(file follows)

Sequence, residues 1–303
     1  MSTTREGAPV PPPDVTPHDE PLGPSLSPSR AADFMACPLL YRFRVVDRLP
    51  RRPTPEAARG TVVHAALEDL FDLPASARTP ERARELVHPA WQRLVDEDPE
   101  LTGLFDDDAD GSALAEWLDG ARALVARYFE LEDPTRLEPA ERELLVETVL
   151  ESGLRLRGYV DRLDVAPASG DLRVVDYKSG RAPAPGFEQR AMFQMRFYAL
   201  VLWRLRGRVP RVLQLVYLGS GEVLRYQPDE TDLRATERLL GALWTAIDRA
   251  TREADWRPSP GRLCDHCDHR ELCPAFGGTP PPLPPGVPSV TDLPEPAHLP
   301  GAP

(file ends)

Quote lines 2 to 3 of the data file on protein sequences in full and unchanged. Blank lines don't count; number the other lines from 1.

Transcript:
     1  MSTTREGAPV PPPDVTPHDE PLGPSLSPSR AADFMACPLL YRFRVVDRLP
    51  RRPTPEAARG TVVHAALEDL FDLPASARTP ERARELVHPA WQRLVDEDPE